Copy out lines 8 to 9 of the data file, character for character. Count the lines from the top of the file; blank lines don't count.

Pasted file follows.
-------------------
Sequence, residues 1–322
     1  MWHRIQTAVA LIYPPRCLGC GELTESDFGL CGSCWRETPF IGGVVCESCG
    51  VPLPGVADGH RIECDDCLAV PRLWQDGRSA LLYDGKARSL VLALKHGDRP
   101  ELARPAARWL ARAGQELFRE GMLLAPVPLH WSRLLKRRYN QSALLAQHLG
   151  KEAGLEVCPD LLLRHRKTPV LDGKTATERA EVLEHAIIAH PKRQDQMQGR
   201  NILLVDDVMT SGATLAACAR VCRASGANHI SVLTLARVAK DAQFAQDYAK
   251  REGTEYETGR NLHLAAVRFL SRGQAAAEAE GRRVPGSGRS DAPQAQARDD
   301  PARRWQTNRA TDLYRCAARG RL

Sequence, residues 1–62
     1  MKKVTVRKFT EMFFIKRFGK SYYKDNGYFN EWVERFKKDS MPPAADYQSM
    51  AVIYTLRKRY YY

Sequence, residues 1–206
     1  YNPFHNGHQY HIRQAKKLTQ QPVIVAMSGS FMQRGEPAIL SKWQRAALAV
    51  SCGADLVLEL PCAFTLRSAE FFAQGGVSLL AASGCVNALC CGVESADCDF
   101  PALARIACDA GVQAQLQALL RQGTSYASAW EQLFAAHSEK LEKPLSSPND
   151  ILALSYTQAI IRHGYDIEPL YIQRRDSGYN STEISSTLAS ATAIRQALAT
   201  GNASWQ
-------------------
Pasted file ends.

   301  PARRWQTNRA TDLYRCAARG RL

Sequence, residues 1–62